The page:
Films are selected by a committee comprised of representatives from the sponsoring organizations: Lake Superior Stewardship Initiative, Michigan Tech Great Lakes Research Center, Keweenaw Unitarian Universalist Fellowship, Keweenaw Land Trust, MTU Departments of Social Sciences and Civil & Environmental Engineering, MTU College of Forest Resources & Environmental Sciences, and the MTU Sustainable Futures Institute.

The list of films can be viewed here and on the MTU events calendar.  All are invited to attend– MTU faculty, staff, students, alumni, and community members.


It’s never been easier to attend the Sustainable Film Series hosted at Michigan Tech!!

The True Cost

It’s that time of year…. No, not for Santa, but to kick off the 11th year of the Sustainable Film Series! The 2021 Sustainability Film Series (formerly Green Film Series) will allow you to participate, no matter where you hang your hat!! There are a few silver linings to the pandemic—you can pretend you’re back on campus with your friends! Once you pre-register on Eventbrite to view a particular month’s film (over the span of a week), you’ll receive a Zoom link to the discussion that will take place on the 3rd Thursday of each month from January to May 2021, led by a discussion facilitator or panel, knowledgeable about the film topic. You will participate in engaging dialogue from 7-8 pm.   See the film line-up below and save these dates in your calendar.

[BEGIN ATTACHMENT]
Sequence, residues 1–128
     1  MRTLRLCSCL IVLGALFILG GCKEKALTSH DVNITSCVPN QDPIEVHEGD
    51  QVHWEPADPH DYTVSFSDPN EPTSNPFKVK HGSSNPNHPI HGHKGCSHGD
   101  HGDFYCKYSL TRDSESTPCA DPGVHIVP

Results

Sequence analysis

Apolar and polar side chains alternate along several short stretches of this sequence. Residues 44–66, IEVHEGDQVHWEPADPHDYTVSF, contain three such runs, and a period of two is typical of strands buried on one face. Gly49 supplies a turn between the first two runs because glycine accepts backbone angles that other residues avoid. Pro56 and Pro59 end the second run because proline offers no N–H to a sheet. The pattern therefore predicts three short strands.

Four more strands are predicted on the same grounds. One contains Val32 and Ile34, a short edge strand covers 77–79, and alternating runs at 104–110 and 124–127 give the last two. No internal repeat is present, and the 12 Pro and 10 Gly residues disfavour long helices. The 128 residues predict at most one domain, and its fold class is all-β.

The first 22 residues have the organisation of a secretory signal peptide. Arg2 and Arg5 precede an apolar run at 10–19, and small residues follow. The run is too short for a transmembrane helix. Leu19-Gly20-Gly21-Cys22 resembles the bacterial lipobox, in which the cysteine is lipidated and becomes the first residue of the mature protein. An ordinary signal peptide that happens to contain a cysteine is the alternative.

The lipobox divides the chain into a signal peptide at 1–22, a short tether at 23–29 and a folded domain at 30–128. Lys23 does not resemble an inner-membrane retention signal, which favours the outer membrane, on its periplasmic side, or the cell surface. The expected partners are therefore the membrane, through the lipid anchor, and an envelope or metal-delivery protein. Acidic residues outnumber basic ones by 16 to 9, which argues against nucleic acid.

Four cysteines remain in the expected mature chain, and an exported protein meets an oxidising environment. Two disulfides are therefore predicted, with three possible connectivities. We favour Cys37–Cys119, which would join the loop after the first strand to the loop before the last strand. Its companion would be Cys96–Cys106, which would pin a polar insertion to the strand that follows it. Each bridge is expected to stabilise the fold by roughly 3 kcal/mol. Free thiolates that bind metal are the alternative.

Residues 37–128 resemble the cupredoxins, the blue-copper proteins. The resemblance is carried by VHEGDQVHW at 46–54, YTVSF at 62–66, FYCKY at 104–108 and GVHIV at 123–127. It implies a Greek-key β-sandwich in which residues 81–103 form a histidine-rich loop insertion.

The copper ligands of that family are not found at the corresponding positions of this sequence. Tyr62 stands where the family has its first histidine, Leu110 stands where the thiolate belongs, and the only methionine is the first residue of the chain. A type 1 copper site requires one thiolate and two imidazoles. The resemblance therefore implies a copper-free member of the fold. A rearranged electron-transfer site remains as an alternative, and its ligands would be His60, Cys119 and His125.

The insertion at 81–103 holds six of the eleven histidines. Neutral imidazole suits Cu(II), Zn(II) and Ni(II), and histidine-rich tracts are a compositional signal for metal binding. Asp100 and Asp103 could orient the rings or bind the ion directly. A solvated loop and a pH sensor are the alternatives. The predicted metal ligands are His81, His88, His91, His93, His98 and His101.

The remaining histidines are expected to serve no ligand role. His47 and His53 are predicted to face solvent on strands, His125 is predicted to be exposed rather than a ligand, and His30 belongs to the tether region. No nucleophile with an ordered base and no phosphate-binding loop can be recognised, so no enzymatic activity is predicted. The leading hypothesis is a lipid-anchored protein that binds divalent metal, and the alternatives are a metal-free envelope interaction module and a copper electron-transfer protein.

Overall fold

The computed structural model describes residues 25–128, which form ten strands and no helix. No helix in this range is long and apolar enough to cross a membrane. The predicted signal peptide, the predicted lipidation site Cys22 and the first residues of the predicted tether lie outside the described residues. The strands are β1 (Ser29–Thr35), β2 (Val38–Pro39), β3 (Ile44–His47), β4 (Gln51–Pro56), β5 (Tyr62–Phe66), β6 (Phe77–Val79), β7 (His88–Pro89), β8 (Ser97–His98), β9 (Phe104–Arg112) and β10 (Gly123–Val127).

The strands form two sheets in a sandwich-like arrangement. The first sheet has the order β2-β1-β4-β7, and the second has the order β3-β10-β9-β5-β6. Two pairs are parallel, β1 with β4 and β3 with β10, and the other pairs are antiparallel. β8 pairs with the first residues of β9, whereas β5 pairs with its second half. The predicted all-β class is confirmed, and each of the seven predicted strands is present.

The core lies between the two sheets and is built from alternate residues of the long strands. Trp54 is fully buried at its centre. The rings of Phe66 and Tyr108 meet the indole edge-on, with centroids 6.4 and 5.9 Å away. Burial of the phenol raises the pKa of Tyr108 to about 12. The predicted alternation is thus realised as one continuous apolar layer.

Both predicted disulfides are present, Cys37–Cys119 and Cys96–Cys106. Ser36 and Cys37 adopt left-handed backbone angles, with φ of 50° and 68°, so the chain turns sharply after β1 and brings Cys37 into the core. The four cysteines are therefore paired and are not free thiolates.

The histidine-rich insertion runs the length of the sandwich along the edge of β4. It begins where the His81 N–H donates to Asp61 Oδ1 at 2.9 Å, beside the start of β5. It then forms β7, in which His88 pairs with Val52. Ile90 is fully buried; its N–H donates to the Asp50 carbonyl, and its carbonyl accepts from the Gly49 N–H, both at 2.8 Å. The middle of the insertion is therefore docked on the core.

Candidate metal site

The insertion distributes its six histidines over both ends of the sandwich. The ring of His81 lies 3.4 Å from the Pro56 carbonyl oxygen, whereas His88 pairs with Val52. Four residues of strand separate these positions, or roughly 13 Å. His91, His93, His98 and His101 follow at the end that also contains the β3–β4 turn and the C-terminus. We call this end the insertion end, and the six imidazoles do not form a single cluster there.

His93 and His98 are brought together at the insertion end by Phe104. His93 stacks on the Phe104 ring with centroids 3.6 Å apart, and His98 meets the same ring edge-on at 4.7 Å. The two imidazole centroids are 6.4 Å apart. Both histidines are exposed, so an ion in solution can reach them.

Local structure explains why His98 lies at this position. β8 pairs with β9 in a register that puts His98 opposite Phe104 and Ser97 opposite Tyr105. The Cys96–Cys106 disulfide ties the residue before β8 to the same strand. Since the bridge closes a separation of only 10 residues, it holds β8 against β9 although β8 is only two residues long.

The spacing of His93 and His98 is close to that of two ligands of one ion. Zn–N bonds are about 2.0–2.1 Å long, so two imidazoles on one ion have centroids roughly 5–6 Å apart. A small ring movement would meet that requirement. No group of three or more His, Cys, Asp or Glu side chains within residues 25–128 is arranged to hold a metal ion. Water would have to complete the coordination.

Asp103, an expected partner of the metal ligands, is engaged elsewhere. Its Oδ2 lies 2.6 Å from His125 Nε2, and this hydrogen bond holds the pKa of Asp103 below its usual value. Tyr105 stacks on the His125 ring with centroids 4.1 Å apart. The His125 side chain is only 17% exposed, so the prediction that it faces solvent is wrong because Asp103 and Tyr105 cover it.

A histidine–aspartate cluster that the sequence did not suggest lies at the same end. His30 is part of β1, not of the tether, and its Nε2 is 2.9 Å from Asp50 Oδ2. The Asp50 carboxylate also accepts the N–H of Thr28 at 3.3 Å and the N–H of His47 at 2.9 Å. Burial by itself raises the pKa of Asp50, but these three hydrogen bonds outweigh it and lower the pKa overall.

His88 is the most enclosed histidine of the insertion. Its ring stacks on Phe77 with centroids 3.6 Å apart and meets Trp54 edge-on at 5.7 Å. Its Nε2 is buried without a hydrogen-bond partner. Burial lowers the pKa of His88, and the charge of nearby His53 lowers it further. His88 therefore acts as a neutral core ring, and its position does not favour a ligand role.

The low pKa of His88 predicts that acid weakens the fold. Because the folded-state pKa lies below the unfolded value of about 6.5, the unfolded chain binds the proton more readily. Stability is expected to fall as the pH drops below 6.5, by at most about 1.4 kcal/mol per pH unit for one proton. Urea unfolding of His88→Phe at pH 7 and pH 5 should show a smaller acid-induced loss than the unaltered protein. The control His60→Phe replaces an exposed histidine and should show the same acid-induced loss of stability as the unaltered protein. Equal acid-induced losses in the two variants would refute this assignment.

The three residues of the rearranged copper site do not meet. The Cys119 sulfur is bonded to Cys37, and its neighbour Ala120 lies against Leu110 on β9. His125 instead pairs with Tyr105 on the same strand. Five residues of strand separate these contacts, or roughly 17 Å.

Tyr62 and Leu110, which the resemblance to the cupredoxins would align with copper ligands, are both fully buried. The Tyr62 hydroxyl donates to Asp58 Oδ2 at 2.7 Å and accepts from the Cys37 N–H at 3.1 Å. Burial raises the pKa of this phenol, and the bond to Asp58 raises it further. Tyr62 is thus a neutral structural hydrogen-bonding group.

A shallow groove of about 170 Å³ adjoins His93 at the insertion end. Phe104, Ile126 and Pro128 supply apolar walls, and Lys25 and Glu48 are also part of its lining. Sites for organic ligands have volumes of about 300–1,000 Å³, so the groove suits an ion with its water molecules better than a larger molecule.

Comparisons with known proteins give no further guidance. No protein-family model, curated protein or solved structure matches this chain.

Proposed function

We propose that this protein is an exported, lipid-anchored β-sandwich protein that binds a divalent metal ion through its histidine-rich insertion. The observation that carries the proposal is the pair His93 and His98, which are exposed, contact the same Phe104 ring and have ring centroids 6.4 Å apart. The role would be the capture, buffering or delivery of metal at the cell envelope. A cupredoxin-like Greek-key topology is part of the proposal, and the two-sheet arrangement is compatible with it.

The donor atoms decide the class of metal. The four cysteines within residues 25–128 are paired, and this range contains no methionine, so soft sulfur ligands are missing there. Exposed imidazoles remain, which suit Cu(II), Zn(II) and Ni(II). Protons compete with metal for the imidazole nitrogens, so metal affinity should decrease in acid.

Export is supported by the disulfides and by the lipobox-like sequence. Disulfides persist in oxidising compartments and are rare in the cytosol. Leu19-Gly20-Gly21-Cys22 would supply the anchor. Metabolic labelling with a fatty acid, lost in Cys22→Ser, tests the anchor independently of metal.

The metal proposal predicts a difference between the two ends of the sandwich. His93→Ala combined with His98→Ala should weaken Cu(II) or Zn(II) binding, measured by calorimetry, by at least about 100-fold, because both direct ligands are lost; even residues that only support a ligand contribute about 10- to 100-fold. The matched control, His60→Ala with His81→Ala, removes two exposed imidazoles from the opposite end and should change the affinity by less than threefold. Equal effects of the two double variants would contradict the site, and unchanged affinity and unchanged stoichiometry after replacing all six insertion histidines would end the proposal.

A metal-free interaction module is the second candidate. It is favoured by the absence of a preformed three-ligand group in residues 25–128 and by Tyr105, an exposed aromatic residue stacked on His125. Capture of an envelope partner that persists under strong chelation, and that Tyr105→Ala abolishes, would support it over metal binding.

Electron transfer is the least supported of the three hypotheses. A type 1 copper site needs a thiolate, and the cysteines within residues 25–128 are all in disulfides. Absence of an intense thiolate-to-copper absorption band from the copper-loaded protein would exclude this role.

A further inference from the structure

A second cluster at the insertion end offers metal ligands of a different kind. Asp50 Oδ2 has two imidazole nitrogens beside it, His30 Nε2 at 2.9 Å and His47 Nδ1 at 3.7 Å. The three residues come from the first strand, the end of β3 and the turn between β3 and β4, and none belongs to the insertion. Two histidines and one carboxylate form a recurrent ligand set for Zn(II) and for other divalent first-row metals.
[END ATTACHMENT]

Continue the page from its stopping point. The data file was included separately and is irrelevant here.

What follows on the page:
Date & Time: 7:00-8:00 pm, 3rd Thursdays of each month, Jan-May, 2021

Cost:  FREE, donations appreciated (Michigan Tech Fund 1368 EO)

Location: Online (register on Eventbrite and zoom link will be sent via email)